[Public Papers of the Presidents of the United States: William J. Clinton (1995, Book I)] [March 11, 1995] [Pages 332-333] [From the U.S. Government Publishing Office www.gpo.gov]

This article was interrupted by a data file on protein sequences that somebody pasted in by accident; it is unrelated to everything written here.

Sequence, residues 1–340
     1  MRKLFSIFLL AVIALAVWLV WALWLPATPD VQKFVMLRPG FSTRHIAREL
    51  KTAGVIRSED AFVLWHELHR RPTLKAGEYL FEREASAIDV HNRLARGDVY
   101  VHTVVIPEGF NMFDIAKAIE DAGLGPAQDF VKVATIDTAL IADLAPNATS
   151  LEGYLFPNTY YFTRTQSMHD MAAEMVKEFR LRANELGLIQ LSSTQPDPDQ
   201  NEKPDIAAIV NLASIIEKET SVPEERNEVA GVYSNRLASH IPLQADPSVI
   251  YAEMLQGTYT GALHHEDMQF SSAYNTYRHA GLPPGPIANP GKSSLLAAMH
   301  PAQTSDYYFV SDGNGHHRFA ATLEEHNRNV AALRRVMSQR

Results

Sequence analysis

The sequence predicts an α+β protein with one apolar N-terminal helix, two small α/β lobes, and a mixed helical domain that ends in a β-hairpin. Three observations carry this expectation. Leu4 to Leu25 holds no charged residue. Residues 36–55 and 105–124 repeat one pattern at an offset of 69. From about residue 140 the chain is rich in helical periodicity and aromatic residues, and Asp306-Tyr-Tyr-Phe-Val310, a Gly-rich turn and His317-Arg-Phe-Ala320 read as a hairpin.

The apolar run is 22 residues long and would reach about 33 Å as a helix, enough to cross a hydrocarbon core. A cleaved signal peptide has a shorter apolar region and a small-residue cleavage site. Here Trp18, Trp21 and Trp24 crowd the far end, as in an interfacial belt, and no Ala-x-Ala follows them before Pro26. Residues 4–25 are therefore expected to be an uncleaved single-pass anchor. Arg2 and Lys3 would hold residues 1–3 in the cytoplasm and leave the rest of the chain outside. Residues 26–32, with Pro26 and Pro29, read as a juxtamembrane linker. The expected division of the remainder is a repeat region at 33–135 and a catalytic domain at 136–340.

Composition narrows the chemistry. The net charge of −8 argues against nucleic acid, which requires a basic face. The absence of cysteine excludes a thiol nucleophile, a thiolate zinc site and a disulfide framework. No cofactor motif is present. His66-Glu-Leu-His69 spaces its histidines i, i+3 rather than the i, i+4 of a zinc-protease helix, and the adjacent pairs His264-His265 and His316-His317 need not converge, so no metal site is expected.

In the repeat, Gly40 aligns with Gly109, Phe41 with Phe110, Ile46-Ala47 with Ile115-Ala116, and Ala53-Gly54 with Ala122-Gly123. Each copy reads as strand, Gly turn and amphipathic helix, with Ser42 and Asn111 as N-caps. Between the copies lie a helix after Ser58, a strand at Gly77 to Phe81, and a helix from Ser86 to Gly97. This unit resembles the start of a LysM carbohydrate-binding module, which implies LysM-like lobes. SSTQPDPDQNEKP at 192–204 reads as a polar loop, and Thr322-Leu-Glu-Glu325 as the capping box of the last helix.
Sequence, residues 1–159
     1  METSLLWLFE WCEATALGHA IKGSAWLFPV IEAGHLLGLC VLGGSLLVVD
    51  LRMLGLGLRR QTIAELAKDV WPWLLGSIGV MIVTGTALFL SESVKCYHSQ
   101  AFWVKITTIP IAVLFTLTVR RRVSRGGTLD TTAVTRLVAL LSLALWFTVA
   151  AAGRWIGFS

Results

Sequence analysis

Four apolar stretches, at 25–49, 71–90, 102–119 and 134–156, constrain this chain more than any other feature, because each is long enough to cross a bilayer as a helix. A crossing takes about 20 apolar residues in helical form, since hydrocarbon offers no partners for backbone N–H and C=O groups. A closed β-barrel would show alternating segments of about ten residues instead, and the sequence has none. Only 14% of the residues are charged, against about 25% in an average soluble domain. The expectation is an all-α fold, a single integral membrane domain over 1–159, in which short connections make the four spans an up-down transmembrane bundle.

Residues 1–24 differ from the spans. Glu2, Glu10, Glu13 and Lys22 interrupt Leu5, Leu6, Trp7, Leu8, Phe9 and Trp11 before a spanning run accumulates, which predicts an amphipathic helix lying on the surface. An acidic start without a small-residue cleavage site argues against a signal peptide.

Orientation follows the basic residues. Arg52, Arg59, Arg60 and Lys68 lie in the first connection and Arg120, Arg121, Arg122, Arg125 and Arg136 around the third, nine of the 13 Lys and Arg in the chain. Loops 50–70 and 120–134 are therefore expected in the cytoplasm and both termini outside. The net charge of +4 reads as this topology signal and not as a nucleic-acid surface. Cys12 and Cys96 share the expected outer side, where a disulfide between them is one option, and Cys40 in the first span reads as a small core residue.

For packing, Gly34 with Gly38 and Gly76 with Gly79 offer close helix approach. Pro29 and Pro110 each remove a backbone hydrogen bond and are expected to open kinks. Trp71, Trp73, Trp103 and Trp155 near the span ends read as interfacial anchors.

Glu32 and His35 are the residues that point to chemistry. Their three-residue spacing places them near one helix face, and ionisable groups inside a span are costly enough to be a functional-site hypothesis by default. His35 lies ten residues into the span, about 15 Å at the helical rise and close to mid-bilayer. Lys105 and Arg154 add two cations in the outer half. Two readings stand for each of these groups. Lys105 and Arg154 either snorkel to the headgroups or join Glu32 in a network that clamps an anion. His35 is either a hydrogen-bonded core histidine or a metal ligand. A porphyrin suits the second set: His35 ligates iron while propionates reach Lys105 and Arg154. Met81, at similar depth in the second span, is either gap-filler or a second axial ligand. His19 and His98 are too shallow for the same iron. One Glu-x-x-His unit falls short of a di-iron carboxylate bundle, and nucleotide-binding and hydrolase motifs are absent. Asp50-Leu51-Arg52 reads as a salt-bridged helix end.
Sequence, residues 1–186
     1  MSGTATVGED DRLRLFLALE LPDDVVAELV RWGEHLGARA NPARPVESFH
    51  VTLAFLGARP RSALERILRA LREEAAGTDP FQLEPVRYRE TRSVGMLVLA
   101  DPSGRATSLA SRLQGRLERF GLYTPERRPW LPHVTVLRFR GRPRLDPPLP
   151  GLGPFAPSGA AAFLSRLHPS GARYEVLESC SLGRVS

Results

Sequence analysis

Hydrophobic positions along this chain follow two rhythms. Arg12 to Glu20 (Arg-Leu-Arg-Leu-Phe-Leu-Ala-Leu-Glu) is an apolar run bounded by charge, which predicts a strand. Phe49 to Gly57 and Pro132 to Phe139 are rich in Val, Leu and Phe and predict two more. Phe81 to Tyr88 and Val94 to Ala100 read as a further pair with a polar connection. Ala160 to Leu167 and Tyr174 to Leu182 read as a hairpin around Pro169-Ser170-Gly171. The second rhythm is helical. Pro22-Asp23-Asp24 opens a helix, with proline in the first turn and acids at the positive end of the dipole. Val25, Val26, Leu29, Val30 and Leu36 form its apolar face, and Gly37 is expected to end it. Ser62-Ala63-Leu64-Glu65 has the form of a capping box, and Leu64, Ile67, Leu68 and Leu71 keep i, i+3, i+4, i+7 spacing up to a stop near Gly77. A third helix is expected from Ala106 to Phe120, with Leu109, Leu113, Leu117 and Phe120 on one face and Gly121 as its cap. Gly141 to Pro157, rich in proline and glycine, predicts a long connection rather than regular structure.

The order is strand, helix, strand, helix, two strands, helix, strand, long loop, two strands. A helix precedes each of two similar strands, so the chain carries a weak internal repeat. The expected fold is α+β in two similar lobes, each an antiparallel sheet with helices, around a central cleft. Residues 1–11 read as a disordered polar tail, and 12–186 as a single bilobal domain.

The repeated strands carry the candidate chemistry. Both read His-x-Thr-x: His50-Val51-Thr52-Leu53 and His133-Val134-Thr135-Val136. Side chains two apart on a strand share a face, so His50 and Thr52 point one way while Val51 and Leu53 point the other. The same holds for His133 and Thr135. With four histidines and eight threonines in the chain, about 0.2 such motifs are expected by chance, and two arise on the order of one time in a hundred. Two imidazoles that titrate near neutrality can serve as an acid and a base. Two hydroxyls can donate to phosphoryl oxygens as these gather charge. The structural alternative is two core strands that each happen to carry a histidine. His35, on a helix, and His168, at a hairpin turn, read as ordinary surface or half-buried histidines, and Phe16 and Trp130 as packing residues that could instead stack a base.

Statement on the Withdrawal of Michael Carns and the Nomination of John Deutch To Be Director of Central Intelligence March 11, 1995 It is with profound regret that I accept General Michael Carns' decision to withdraw his name from consideration for the position of Director of Central Intelligence. I understand General Carns' concern that allegations made against him in the course of his background investigation could be misconstrued and complicate his confirmation. The sad truth is that we live in a time when even the most exemplary individuals, like General Carns, who already has given so much to his country, are deterred from serving by the fear that their records will be distorted, their achievements ignored, and their families maligned during the confirmation process. General Carns' decision to withdraw is our country's loss. This man, who flew more than 200 combat missions over Southeast Asia and distinguished himself as a military commander and an innovative manager, was prepared to come out of retirement to serve America one more time in a vital mission. I deeply regret that he will not have that opportunity and that our intelligence community and the American people will not have the benefit of his broad experience, his intelligence, and his dedication. Finding another individual with the exceptional skills and qualities needed to lead the intelligence community was no easy task. But in Deputy Secretary of Defense John Deutch, who I am pleased to announce my intent to nominate as the next Director of Central Intelligence, we have found such a man. Deputy Secretary Deutch has served at the highest levels of academia and Government in a wide variety of positions, from assistant professor of chemistry at Princeton to provost at MIT, from Under Secretary of Energy under President Carter to member of the President's Foreign Intelligence Advisory Board under President Bush, from Under Secretary of Defense to Deputy Secretary of Defense in my administration. Over the past 2 years, I've enjoyed an increasingly close personal and professional relationship with Deputy Secretary Deutch. Together with former Defense Secretary Aspin and Secretary Perry, I have asked Deputy Secretary Deutch to take on some of the toughest, most important assignments at the Pentagon. Deputy Secretary Deutch has played a lead role in reviewing our nuclear force posture. He's overseen the modernizing of our weapons sys- [[Page 333]] tems. And he has become intimately familiar with the workings of the intelligence community, especially its support for the military. The blueprint Deputy Secretary Deutch worked out to eliminate redundancies and duplication between our civilian and military intelligence demonstrates the kind of innovative thinking we need to meet the new challenges of the post-cold-war world. Strengthening U.S. intelligence is an effort to which I attach the highest personal priority. To make that commitment absolutely clear and to underscore that he will be a full member of my national security team, I have decided to appoint Deputy Secretary Deutch to my Cabinet if he is confirmed as Director of Central Intelligence. In John Deutch, we have a dynamic, brilliant leader with all the necessary skills for this critical assignment and my highest trust and confidence. I look forward to working with him, the Aspin commission, and Congress in building an intelligence community that will meet our national security challenges well into the next century. Note: A statement by Michael Carns was also made available by the Office of the Press Secretary.